Teaching the free man

American Jews are celebrating their three-hundred and fiftieth anniversary here. The first Jewish community in North America was established in New Amsterdam (New York) in 1654. In 1658 fifteen Jewish families arrived in Newport, Rhode Island. By 1759 their numbers and resources had increased sufficiently that they undertook the construction of what has become America’s oldest synagogue, the Touro Synagogue of Newport.
In 1790 Rhode Island became the thirteenth state to ratify the Constitution and complete the Union. To mark the occasion, President Washington made a ceremonial visit to Newport when Congress recessed in August. Newport welcomed Washington with open arms. In Newport on August 18, according to James Thomas Flexner, Washington “completely fatigued the company” by walking, fortified by the wine and punch served in four different houses along his route, briskly from nine in the morning until one in the afternoon.
In anticipation of Washington’s visit to Newport, the congregation prepared a letter welcoming Washington for presentation to him at a public event on the morning of August 18. The letter was authorized by the congregation’s board and signed by its president, Moses Seixas. It is Washington’s magnificent letter responding to Seixas’s that is known as a testament to religious freedom and that has become famous as one of the classic statements of religious toleration in America.
The congregation’s letter to Washington is not so well known. Ironically, however, the most famous line in Washington’s letter is an echo of the congregation’s letter to Washington. By far the most striking feature of the congregation’s letter is its expression of sheer gratitude to Washington for the religious freedom afforded by the United States (pre-First Amendment). Here is the congregation’s letter:

Permit the children of the stock of Abraham to approach you with the most cordial affection and esteem for your person and merits ~~ and to join with our fellow citizens in welcoming you to NewPort.
With pleasure we reflect on those days ~~ those days of difficulty, and danger, when the God of Israel, who delivered David from the peril of the sword, ~~ shielded Your head in the day of battle: ~~ and we rejoice to think, that the same Spirit, who rested in the Bosom of the greatly beloved Daniel enabling him to preside over the Provinces of the Babylonish Empire, rests and ever will rest, upon you, enabling you to discharge the arduous duties of Chief Magistrate in these States.
Deprived as we heretofore have been of the invaluable rights of free Citizens, we now with a deep sense of gratitude to the Almighty disposer of all events behold a Government, erected by the Majesty of the People ~~ a Government, which to bigotry gives no sanction, to persecution no assistance ~~ but generously affording to all Liberty of conscience, and immunities of Citizenship: ~~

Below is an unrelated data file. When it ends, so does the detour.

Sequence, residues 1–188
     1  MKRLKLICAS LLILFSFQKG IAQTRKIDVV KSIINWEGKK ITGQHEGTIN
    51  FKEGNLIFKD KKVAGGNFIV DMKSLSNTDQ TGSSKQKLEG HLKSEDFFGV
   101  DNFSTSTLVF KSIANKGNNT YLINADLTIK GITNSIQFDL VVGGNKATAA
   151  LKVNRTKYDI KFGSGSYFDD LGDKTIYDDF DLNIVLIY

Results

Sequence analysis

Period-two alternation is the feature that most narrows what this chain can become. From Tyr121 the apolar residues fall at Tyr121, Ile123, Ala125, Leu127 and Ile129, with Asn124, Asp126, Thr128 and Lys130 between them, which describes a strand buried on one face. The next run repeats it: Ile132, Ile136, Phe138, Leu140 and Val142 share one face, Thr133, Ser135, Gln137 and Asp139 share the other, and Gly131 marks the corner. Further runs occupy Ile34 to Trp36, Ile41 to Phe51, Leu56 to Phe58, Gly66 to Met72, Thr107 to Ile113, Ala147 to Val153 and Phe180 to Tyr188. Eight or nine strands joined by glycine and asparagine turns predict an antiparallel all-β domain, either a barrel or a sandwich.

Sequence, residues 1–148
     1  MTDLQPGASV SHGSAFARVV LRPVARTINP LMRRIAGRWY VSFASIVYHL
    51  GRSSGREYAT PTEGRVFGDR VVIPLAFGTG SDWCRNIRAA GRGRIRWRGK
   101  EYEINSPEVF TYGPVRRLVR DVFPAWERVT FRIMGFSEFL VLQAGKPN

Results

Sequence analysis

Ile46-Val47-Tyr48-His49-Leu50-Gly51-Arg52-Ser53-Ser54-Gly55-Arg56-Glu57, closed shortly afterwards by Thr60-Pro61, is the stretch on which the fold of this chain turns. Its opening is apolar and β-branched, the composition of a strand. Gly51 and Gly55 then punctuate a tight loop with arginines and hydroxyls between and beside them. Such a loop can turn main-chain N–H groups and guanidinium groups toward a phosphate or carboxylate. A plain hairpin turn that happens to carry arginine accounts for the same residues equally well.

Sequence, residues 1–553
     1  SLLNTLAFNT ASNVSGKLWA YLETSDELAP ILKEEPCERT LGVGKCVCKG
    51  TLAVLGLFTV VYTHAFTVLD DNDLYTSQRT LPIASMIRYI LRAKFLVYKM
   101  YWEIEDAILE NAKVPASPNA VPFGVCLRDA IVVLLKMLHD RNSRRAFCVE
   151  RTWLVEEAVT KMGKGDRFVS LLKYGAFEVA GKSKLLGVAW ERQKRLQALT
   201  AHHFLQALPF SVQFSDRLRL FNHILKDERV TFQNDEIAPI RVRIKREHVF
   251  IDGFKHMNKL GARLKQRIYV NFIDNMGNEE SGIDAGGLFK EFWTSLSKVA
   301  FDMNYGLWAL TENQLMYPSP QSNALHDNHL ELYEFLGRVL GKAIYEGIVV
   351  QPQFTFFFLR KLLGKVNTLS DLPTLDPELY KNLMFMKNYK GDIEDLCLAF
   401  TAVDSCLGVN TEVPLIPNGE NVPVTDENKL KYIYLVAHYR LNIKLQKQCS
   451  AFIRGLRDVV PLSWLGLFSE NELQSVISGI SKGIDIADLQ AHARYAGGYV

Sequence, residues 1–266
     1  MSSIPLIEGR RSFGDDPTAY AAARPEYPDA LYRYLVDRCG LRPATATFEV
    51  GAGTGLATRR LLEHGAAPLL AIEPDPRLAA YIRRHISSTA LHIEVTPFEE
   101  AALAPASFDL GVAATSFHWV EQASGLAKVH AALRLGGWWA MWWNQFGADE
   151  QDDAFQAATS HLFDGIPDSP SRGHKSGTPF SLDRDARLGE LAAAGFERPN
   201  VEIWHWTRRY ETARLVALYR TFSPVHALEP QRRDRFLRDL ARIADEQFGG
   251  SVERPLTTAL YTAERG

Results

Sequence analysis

deeming every one, of whatever Nation, tongue, or language equal parts of the great governmental Machine: ~~ This so ample and extensive Federal Union whose basis is Philanthropy, Mutual confidence and Public Virtue, we cannot but acknowledge to be the work of the Great God, who ruleth in the Armies of Heaven, and among the Inhabitants of the Earth, doing whatever seemeth him good.
For all these Blessings of civil and religious liberty which we enjoy under an equal benign administration, we desire to send up our thanks to the Ancient of Days, the great preserver of Men ~~beseeching him, that the Angel who conducted our forefathers through the wilderness into the promised Land, may graciously conduct you through all the difficulties and dangers of this mortal life: ~~ And, when, like Joshua full of days and full of honour, you are gathered to your Fathers, may you be admitted into the Heavenly Paradise to partake of the water of life, and the tree of immortality.
Done and Signed by order of the Hebrew Congregation in NewPort, Rhode Island August 17th 1790.
Moses Seixas, Warden

The letter remains a timely reminder of the rarity of religious freedom and equal rights, of the gratitude their protection should occasion, and of the measures necessary to safeguard them from the contemporary adherents of “the Babylonish empire.” The congregation’s beatiful letter is called to mind by Dennis Prager’s Los Angeles Times column noting his celebration of Hannukah at a White House party attended by President and Mrs. Bush this past week: “Born-again president, White House Hannukah.” Like a true descendant of Seixas, Prager invokes twin patriarchs in his column — Abraham and George Washington.
In his “Elegy in Memory of W.B. Yeats,” Auden concludes: “In the prison of his days/Teach the free man how to praise.” In this column Dennis Prager not only teaches the free man how to praise, he also renews the vows that bind us to our beloved country.

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